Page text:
US lawmaker seeks probe into death of Indian Jesuit priest

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No human rights defender should face violence and neglect like Father Stan Swamy did, says Congressman Juan Vargas

People hold candles and a poster as they pray outside a church holding a memorial Mass for the Indian rights activist and Jesuit priest Father Stan Swamy, in Mumbai on July 6, 2021. He was detained for nine months without trial under Indian anti-terrorism laws and died on July 5 ahead of a bail hearing

People hold candles and a poster as they pray outside a church holding a memorial Mass for the Indian rights activist and Jesuit priest Father Stan Swamy, in Mumbai on July 6, 2021. He was detained for nine months without trial under Indian anti-terrorism laws and died on July 5 ahead of a bail hearing. (Photo:AFP)

July 08, 2022

A US congressman has sought an independent investigation into the death of Indian Jesuit Father Stan Swamy, a tribal rights defender, in a resolution submitted in the US House of Representatives to honor the life of the priest.

Congressman Juan Vargas introduced the resolution to commemorate Father Swamy on July 6, a day after the first death anniversary of the 85-year-old Jesuit, who died a prisoner in a Mumbai hospital awaiting trial.

“Father Stan was a staunch human rights defender who dedicated his life to giving a voice to the voiceless. He advocated for the rights of the indigenous Adivasi people, trained young community leaders, and strived for justice for many mistreated communities in India,” said the congressman according to a press release.

Vargas said as a former Jesuit he was aggrieved over the maltreatment of the elderly Jesuit while in custody.

“As a former Jesuit, I’m appalled that Father Stan faced relentless abuse and was denied medical treatment while in custody. It’s an honor to introduce this resolution as we remember Father Stan for his lifelong commitment to the greater good.”

The resolution was co-sponsored by fellow congressmen Andre Carson and James McGovern.

“Indian security agencies used malware to target hundreds of Indian activists and planted incriminating evidence “

Vargas joined an international webinar on July 5 to commemorate the first death anniversary of Father Swamy. The webinar was titled “persecution of religious minorities and their defenders in India: commemorating Father Stan’s death in custody.”

It featured UK MP Neale Hanvey, European Parliament member Alviina Alametsä (EU), Australian Senator David Shoebridge, and UN Special Rapporteur Mary Lawlor among the dignitaries.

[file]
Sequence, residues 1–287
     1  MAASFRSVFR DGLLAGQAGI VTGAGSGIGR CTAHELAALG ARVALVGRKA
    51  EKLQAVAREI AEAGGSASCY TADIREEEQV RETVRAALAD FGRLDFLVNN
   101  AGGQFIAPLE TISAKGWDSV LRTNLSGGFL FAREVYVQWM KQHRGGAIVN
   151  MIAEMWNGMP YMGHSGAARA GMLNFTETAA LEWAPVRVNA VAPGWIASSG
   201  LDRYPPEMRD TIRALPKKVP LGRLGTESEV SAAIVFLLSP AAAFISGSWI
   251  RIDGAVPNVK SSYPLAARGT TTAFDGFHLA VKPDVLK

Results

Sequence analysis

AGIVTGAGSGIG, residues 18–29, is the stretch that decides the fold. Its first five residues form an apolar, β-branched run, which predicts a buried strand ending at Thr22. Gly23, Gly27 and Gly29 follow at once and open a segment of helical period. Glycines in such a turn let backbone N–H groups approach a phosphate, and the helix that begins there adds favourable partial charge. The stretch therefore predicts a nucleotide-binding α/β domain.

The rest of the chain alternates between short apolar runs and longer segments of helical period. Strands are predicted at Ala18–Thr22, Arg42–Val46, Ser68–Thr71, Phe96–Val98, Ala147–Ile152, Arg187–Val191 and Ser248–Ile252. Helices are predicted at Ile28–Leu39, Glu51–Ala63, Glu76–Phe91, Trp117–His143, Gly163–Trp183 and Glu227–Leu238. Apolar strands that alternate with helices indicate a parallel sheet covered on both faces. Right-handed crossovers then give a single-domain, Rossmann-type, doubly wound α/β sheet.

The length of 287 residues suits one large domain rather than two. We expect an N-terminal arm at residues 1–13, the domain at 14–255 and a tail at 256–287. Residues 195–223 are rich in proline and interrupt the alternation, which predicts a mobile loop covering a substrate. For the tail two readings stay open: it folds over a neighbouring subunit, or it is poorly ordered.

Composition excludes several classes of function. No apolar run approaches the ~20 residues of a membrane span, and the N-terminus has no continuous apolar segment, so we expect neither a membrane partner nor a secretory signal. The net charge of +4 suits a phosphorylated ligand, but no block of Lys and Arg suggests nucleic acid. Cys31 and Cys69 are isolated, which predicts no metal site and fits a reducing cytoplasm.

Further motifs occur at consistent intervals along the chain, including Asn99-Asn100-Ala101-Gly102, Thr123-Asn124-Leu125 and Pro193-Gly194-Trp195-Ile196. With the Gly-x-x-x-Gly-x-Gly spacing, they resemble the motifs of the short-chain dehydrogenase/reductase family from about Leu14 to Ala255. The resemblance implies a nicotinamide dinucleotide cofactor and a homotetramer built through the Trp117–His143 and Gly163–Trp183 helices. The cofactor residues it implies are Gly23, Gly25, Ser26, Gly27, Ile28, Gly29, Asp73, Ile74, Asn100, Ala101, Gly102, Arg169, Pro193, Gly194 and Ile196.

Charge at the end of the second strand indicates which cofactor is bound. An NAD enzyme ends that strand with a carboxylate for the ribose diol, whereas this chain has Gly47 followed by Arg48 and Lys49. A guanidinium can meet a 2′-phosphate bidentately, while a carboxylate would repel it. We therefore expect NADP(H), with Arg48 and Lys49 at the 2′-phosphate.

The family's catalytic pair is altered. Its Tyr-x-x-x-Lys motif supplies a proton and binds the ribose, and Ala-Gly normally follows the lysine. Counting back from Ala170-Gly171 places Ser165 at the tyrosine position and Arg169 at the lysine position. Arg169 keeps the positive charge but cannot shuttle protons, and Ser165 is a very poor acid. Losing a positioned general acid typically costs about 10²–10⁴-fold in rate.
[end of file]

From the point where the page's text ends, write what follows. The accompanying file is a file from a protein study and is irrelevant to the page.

The resolution, among other things, asked India to set up an independent body to investigate the death of Father Swamy in judicial custody following his arrest on Oct. 8, 2020, accused of collaborating with Maoist terrorists and linking him to a violent incident in Bhima-Koregaon village.

He was detained for nine months without trial under Indian anti-terrorism laws and died on July 5, 2021, ahead of a bail hearing.

Father Swamy was among ten activists arrested in the violence in Bhima-Koregaon, a village in Maharashtra state that the priest repeatedly said he had not visited in his life.

The resolution said Indian security agencies used malware to target hundreds of Indian activists and planted incriminating evidence on the devices of some people arrested in the case.

The lawmakers also expressed concern at the misuse of anti-terror laws to target rights defenders and political opponents in India, nriaffairs.com reported.

“No one who fights for human rights should face such violence and neglect”

The webinar was jointly organized by Front Line Defenders, Hindus for Human Rights, The Humanism Project, India Civil Watch International, and Survival International, and co-sponsored by Adivasi Lives Matter, Dalit Solidarity Forum, the Federation of Indian American Christian Organizations of North America (FIACONA), and the Indian American Muslim Council.

During his speech in the webinar Congressman Vargas deplored the abusive treatment of Father Swamy.

“No one who fights for human rights should face such violence and neglect,” he said.

UN Special Rapporteur Mary Lawlor said Father Swamy ’s work and India’s ruling political regime represent two striking different rights scenarios in the country.

“If Father Stan’s life represents the best tradition of human rights defense and social justice work, his unlawful arrest and death in custody represent the rapidly accelerating assault on rights, justice, rule of law, and democracy by India’s current political regime,” Lawlor said.

Australian Federal Senator David Shoebridge criticized Indian authorities for assaults on human rights through repressive anti-terror acts like the Unlawful Activities (Prevention) Act.

“The continued erosion of human rights and the rule of law makes India a less reliable partner, economically and politically, for democratic countries like Australia. This is ultimately a tragedy for both countries,” said Shoebridge.

European Parliament member Alviina Alametsä insisted that “we cannot have business deals, investments, and cooperation if the issues in India are not fixed.”

All the panelists noted Father Swamy’s extensive service fighting for the rights of the Adivasi people.

Indian tribal leader Soni Sori said that the late Jesuit priest’s struggles for the rights of tribal people were extraordinary and courageous, referring to the ongoing repression of tribals in the form of rape, incarceration, torture, and killings of Adivasis in the Bastar region in Chhattisgarh state

The panelists deplored a new round of arrests of rights defenders and outspoken journalists including Teesta Setalvad, R. B Sreekumar, and Mohammad Zubair, and urged immediate intervention before the rule of law in India worsens further.